# 18.704 (Seminar in Algebra and Number Theory) Homework

(Assigned 2/2/00; due 2/9/00.)

1. Find all finite multiplicative subgroups of the complex numbers. (This means: finite sets of non-zero complex numbers that are closed under multiplication and taking inverses.)

2. Find some interesting finite multiplicative subgroups of the quaternions.

3. Suppose sigma is a map from the real numbers to the real numbers that preserves all the field structure. (This means

sigma(x + y) = sigma(x) + sigma(y), sigma(x) y) = sigma(x)sigma(y),

sigma(1) = 1, sigma(0) = 0.)

Prove that sigma must be the identity map.

(Assigned 2/11/00; due 2/18/00.)

1. List all the points and lines in the vector space k2, when k is the field Z/2Z.

2. Suppose A is a two by two matrix with entries a, b, c, and d in a possibly non-commutative field k. Give precise algebraic conditions on a, b, c, and d for when A is invertible. (If k is commutative, you know the condition is that ad - bc is non-zero.)

3. Find an inclusion

f: H --> 2 by 2 complex matrices

of the quaternions into 2 by 2 complex matrices, respecting addition and multiplication. (Hint: you might begin by finding three nice matrices I, J, and K satisfying

I2 = J2 = K2 = -(identity).

You need to choose them also so that they multiply in the same way as i, j, and k in H.

(Assigned 3/1/00; due 3/10/00.)

All of these problems concern a finite field k having q = pr elements.

1. An n-dimensional vector space V over k has qn elements. If W is an m-dimensional subspace of V, then the complement of W in V has qn - qm elements.

a) Suppose that v1,...,vm are linearly independent elements of V, and that vm+1 is another element of V. Show that v1,...,vm+1 are linearly independent if and only if vm+1 does not belong to span(v1,...,vm). In particular, there are exactly qn - qm choices for vm+1 making v1,...,vm+1 linearly independent.

b) Show that the number of ordered bases of V is equal to

(qn - 1)(qn - q)(qn - q2)...(qn - qn-1).

c) List all the ordered bases for the vector space k2, when k is the field Z/2Z.

2. Let G = GLn(k) be the group of invertible n by n matrices over k. This is a finite group (because there are only q to the power n2 n by n matrices over k). Prove that the largest power of p dividing the order of G is qn(n-1)/2.

3. Find a group of invertible n by n matrices over k having exactly qn(n-1)/2 elements.

(Assigned 4/7/00; due 4/19/00.)

All of these problems concern a finite field k having q = pr elements.

1. Suppose that V is an n-dimensional vector space over k, and that p is an integer between 0 and n. Show that the number of p-dimensional subspaces of V is equal to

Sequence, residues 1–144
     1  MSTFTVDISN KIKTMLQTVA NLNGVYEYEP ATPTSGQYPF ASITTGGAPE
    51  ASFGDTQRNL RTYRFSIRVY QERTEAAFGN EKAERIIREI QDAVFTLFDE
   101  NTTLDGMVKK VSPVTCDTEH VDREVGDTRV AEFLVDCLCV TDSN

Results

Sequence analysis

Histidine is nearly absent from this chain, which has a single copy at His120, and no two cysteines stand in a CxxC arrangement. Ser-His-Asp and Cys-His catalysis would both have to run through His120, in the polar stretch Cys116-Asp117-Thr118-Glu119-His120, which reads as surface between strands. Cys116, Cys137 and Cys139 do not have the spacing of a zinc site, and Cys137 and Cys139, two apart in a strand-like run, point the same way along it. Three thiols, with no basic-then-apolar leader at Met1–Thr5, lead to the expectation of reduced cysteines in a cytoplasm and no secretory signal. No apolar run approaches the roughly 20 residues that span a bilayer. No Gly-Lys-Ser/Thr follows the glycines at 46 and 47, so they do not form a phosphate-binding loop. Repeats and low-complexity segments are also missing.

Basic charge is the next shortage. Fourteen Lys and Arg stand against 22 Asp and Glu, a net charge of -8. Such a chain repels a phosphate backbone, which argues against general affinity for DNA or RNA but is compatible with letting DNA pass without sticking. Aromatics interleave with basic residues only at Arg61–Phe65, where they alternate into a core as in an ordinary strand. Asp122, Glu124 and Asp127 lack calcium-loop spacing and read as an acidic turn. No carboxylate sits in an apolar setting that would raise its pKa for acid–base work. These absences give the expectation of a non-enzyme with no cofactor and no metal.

(qn - 1)(qn-1 - 1)...(qn-p+1 - 1)/ (qp - 1)...(q - 1).

Here are hints for two different ways to solve this problem. For the first way, every p-dimensional subspace W has a basis v1,...,vp. This gives an onto map from sets of p linearly independent vectors in V onto subspaces. You know how to count sets of linearly independent vectors. The number of sets mapping to one subspace W is equal to the number of bases of W; and you know that as well. For the second way, linear algebra tells you that the group GL(V) acts transitively on the collection of p-dimensional subspaces. Consequently the set of all p-dimensional subspaces is a homogeneous space GL(V)/H. Here the subgroup H is the stabilizer of any one particular p-dimensional subspace. The total number of subspaces is the order of GL(V) (which you know) divided by the order of H (which you can compute).

2. Calculate the limit of the formula in problem 1 as q approaches 1. (Notice that the numerator and denominator approach 0, so it's a 0/0 indeterminate form.)

3. (This problem is quite difficult; the last part I don't know how to do myself, so you shouldn't drive yourself crazy over it.)

a) Show that the formula in problem 1 gives a polynomial in q with integer coefficients, of degree equal to p(n-p).

b) Show that the coefficients of the polynomial are actually positive integers.

c) The polynomial can be factored over the complex numbers into linear factors (q - r), where r is a root of unity. Describe these p(n-p) roots of unity as explicitly as you can.

4. Suppose V is a symplectic vector space of dimension 2n. A subspace L of V is called Lagrangian if it has dimension n, and X.Y = 0 for all vectors X and Y in L. (Such subspaces exist: if

v1,...,vn, v'1,...,v'n

is a Darboux basis, then the span of v1,...,vn is a Lagrangian subspace.) How many Lagrangian subspaces are there?